Inspired by the rich California car culture that gave birth to hot rods around the world, Frank Saucedo is driven to meld the new with the old.
And as director of General Motors' Advanced Design Studio in North Hollywood – a state-of-the-art facility housing 30 designers, sculptors, analysts, and engineers dedicated to creating cars with an alternative and unique voice – Mr. Saucedo is at the forefront of industry design.
The studio is one of just a handful of GM Advanced Design Studios in the world that compete against one another for projects as part of the automotive giant's efforts to promote ingenuity and innovation. "It's like having to run a small town," says Mr. Saucedo. "Sometimes you get pulled in a lot of directions. There are always deadlines, and you always have to keep the process moving. [But] my No. 1 focus is design."
What it all comes down to, says Mr. Saucedo, is letting the auto's design tell a story. The better the story, he says, the more consumers will want to buy it. And that effort to attract consumers is a fierce, high-stakes competition in the massive U.S. automotive industry. With nearly $1 trillion in new car and truck sales last year alone, according to Plunkett Research Ltd., a design that fails to capture consumers' attention and pocketbooks can mean millions in lost revenue for an automaker.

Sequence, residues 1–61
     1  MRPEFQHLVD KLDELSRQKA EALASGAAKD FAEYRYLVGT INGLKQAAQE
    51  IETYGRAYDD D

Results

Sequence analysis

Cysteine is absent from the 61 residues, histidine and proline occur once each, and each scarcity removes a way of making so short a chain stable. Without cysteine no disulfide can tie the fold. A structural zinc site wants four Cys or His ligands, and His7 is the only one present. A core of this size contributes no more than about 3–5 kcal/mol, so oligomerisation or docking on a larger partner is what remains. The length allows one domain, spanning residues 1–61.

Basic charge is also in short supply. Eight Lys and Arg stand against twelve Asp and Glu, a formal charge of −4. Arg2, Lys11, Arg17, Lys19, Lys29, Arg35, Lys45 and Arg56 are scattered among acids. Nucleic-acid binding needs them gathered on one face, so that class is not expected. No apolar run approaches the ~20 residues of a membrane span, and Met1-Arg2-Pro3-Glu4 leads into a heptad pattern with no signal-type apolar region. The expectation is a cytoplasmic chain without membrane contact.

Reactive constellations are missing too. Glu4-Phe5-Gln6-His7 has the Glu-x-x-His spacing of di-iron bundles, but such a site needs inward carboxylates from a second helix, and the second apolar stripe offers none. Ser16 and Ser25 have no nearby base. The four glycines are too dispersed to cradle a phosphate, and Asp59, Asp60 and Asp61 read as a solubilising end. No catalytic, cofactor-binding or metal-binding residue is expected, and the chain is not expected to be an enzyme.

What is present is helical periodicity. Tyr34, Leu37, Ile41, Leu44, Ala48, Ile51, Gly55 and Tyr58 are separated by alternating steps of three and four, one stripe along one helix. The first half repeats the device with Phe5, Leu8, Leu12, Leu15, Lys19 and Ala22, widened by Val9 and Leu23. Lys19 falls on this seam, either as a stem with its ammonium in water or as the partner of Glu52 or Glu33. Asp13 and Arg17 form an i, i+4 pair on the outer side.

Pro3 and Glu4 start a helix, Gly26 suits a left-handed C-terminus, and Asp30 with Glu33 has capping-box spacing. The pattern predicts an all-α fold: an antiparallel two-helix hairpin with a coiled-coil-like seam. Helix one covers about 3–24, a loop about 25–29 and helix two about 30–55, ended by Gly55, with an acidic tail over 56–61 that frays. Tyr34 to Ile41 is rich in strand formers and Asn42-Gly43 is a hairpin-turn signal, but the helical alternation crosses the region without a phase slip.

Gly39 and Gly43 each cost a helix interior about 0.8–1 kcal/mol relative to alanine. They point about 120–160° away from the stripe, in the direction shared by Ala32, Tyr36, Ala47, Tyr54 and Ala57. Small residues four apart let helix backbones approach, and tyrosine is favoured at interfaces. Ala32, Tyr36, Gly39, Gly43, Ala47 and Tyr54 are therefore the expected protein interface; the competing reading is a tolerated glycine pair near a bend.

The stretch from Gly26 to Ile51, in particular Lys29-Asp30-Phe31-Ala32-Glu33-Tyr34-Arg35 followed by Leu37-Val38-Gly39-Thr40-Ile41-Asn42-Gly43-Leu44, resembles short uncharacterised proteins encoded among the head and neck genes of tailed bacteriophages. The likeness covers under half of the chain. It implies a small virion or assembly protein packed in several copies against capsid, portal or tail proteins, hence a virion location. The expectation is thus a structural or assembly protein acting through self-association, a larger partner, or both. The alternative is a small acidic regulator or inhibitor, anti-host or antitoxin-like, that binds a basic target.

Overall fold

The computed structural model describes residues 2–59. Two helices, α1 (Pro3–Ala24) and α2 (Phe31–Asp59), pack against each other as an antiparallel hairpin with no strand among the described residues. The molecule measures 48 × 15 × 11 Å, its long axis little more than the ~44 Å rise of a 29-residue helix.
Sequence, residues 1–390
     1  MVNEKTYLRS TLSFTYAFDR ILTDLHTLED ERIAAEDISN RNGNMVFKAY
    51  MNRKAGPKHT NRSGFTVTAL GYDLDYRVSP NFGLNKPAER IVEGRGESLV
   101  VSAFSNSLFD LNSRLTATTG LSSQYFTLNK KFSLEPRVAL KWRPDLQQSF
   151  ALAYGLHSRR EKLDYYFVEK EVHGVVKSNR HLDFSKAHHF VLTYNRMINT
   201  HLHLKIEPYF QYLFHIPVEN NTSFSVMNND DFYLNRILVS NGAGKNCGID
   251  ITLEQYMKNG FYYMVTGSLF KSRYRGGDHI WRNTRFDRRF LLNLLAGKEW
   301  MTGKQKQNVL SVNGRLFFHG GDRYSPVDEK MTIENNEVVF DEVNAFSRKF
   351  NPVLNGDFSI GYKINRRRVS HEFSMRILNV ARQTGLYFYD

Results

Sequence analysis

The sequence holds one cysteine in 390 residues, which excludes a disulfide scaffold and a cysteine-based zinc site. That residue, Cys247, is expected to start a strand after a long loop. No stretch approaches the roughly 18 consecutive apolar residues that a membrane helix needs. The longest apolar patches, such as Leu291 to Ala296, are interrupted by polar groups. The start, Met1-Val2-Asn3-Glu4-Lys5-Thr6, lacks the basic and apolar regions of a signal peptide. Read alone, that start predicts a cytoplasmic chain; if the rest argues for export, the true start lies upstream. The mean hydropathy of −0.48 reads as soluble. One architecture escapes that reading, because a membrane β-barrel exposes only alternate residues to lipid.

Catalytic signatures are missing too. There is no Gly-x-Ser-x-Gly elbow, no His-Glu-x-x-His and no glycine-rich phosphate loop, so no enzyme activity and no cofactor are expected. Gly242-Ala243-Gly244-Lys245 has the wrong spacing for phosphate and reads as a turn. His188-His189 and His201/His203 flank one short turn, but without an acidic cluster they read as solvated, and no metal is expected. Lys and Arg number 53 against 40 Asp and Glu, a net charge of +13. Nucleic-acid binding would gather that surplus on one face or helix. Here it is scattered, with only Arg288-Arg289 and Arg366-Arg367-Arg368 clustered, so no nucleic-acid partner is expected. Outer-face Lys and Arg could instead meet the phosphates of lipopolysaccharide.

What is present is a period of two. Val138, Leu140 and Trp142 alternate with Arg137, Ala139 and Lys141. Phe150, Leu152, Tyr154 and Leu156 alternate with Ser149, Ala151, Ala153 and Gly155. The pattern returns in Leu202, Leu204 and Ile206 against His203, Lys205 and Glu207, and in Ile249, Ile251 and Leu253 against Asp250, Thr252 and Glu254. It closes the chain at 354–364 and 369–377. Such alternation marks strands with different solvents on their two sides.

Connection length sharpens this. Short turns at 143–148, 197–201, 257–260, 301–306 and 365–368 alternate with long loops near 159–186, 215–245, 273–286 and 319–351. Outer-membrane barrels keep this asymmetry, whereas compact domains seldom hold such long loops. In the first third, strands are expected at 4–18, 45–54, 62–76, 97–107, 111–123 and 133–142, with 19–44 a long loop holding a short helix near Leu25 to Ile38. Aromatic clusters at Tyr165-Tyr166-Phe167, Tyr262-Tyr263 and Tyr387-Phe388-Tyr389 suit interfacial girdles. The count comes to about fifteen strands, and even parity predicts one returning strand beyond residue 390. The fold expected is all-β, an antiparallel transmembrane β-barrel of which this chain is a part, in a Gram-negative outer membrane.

Such a nexis of influences leaves auto designers throughout the industry facing constant pressure to anticipate rapidly changing consumer tastes to produce innovative and popular new design concepts, while keeping manufacturing costs low and bringing new designs to market with growing speed.
That balancing act is one that has designers currently tapping into a trend that runs across many consumer industries these days: retroism. Mr. Saucedo calls it "future retroism" and says it is the design philosophy behind popular revamped classics such as the Volkswagen Beetle, the BMW Mini Cooper and the Ford Thunderbird. "These days, everybody is looking to make a statement in a modern way. These cars have a feeling that is retro but modern at the same time," Mr. Saucedo says.
The technique is clever, says Geoff Wardle, chairman of the transportation design department at the Art Center College of Design in Pasadena, known in the industry as the Harvard of automotive design. "The trend is based on cars that have a huge amount of charisma the first time around," says Mr. Wardle. "It's such a great-looking car that it appeals to car buyers that really like the original cars and to car buyers who never even saw the car when it was first around."
Mr. Saucedo made good use of that style in his most recent project, the new Chevrolet Super Sport Concept – a four-door, rear-wheel drive, family sedan-slash-muscle car powered by a 430-horsepower small-block V8 engine. A throwback to the Chevrolet Super Sport line of the 1960s, the car boasts the sleek lines of a modern sports sedan and the power and performance of an old-school dragster. The design combination drew high praise from Motor Trend magazine in its review of the 2003 Detroit Auto Show.
Other projects under way by Mr. Saucedo at the North Hollywood studio include the Chevrolet Borrego, a must-see transformer-like sport utility vehicle aimed at college grads and first-time car buyers, and the Pontiac Solstice, a sporty open-air, two-seat roadster that Motor Trend describes as "fun to drive, pleasant to live with, and cool to be seen in."
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